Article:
In the question of the re-establishment of the unity of Germany their declarations were less peremptory and negative than the statement made by Bulganin before the Supreme Soviet on 4 August 1955. They advanced two counter-arguments:
the Communist achievements must be maintained for the inhabitants of the Soviet Zone;

it was too much to ask them to strengthen the potential of NATO by releasing the Soviet Zone.

I believe this objection to be very weighty. It could, however, be disposed of fairly easily.

We talked very frankly about the reservations which the Federal Republic had to make for reasons of international law. They showed that they understood why we made those reservations. They said that the form in which they were made was immaterial to them. They stuck to their own view of the matter, of course.
The turning point in the negotiations as a whole came on Monday 12 September during the reception at the Kremlin. Until then I had considered the entire situation so hopeless that I had ordered [Page 594] our planes which were in Hamburg to come at once so that we could fly back on Tuesday rather than on Wednesday as originally envisaged. Whether this order which of course became known to the Russians caused that turn of events is beyond my ken, but I think it very likely.

In its sittings of 22 and 23 September 1955 the German Bundestag has debated the Moscow conversations. It gave its approval unanimously. The opposition, while emphasizing that by their votes they did not approve the foreign policy of the Federal Government as conducted so far, thought it possible that more of a meeting of minds might result in future.

Our papers carry the news that the American columnist Pearson has asserted that I had secret negotiations with the representatives of the Soviet Union. While I naturally assume that you will not give credence to such allegations, I nevertheless want to declare explicitly that no [not] one word is true of this or similar reports.

If it should be possible to arrive at a cold peace, it would at all events have to comprise the re-unification of Germany. This is not only a national and humanitarian issue for the German nation keeping it in a state of restlessness, but it is also an eminently important problem for the entire free world because it is extraordinarily dangerous for all of us that the Russians have a stronghold, so far advanced to the West, of Communism in Europe. If the Russians could be prevailed upon to give up this stronghold, the very dangerous Communist movements in France and Italy would thereby suffer a considerable setback.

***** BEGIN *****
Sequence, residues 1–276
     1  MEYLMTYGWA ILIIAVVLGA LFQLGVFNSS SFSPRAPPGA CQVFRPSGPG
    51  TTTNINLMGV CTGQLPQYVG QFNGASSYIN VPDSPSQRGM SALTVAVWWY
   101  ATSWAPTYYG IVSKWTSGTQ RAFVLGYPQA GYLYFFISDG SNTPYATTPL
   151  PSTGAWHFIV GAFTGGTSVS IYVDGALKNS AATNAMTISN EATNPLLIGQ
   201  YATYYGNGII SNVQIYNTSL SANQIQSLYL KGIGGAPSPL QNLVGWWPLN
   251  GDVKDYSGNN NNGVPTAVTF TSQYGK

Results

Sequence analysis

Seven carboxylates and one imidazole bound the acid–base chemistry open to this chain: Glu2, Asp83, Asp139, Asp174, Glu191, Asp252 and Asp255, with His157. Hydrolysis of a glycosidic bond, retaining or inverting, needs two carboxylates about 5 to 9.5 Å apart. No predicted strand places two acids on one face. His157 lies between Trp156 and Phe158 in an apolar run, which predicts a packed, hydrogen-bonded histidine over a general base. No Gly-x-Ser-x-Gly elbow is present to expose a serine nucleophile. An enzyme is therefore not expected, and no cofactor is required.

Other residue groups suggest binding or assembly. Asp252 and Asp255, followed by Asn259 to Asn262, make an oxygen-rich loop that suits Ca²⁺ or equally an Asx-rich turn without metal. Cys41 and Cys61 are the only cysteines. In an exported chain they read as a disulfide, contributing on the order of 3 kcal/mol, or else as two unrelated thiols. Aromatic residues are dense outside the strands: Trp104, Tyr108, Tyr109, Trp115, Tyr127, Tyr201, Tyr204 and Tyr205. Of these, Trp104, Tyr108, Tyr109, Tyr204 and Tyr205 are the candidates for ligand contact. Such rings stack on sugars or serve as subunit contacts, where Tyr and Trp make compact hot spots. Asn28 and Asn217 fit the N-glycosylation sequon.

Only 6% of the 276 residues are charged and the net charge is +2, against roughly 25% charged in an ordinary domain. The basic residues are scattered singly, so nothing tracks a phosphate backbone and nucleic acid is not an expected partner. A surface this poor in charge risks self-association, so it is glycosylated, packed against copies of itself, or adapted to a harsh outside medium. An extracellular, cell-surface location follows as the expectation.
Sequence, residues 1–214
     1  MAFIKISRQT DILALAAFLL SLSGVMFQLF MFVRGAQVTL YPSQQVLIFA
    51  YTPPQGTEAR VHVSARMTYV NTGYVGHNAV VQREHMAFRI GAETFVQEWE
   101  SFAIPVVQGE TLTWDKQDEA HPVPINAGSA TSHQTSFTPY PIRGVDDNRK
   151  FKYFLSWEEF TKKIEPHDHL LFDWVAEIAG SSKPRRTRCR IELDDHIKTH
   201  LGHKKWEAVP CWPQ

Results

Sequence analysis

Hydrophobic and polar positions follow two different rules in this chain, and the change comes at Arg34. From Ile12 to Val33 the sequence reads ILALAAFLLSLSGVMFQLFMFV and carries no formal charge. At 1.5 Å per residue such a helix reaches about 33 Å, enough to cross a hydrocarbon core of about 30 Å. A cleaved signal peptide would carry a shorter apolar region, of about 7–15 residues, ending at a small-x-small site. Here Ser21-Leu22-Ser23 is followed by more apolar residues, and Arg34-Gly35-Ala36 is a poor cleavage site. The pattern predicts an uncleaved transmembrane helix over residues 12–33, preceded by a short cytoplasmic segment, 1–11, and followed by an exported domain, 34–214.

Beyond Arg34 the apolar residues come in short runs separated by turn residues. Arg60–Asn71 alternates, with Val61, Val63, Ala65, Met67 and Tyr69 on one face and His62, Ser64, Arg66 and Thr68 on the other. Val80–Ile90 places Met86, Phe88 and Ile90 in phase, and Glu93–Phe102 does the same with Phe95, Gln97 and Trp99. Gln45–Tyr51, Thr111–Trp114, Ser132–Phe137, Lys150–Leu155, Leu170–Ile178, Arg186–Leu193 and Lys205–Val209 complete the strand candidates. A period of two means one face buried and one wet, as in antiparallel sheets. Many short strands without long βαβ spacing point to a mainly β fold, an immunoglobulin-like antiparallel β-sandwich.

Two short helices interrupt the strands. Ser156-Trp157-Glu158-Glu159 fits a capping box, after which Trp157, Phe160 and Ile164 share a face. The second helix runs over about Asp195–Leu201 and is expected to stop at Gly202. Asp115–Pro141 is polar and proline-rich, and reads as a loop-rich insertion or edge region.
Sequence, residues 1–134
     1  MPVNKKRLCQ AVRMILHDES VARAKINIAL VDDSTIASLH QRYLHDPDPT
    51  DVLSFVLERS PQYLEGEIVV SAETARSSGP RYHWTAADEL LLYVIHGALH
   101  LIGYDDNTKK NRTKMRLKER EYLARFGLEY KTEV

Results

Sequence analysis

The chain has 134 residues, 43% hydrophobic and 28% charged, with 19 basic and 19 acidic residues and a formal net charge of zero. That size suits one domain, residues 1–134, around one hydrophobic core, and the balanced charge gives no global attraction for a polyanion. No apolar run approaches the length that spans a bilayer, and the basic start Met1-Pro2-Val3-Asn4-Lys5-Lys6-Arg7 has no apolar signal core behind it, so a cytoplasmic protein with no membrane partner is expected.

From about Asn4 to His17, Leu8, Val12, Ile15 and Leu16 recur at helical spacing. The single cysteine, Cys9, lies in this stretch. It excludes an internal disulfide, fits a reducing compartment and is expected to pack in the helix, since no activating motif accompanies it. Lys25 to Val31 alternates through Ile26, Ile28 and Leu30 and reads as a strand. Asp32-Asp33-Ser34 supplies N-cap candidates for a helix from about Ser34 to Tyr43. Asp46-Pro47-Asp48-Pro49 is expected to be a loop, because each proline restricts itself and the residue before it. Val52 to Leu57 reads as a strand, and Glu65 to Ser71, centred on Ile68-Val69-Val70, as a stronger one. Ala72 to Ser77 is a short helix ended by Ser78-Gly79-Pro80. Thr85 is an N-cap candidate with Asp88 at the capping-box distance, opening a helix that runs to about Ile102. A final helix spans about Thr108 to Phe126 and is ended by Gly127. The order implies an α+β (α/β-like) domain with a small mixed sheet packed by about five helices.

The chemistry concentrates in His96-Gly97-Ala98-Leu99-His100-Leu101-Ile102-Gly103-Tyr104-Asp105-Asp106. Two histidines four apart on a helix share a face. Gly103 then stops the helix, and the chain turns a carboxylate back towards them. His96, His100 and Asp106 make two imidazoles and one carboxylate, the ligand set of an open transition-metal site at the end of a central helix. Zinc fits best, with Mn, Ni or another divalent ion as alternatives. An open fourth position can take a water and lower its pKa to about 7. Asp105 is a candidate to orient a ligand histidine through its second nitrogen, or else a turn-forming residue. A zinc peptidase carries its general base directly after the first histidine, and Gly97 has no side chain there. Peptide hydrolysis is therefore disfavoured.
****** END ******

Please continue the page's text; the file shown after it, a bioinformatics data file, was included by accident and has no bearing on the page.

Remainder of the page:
Such a period of cold peace, if it lasted long enough, would possibly accustom the population of the Soviet Union to higher living standards than they have now and might thus perhaps lead to internal changes within the Soviet Union which would render it less dangerous. I am convinced that the size of the country, its dictatorial form of government, and the Communist fanaticism prevailing there will continue for a long time to constitute a great menace for all the other peoples, a menace that is both physical and spiritual and in the face of which one cannot be too vigilant. I believe in particular that this spiritual danger is considerable in view of certain peculiar tendencies among the young intellectual classes of all free peoples.

I hope that you have somewhat recovered from your recent strenuous work so that you can tackle with new vigour the so difficult and responsible negotiations in front of you.

With warm greetings, I am,

Yours as ever most faithfully,

  1. Source: Department of State, Central Files, 611.62A/9–2355. Personal. Translation. Given to Dulles by Brentano in New York on September 27. Regarding the meetings of the Foreign Ministers at New York, September 27–28, see Document 284.
  2. For text of the letter dated July 27, see Document 262; a second letter, dated August 3, transmitted photographs of the Heads of Government meeting at Geneva; the third letter was a cover for some books on World War II that the President sent to Bulganin. Copies of the second and third letters are in Department of State, Presidential Correspondence: Lot 66 D 204, Letters to Bulganin.
  3. Printed from a copy that bears this typed signature.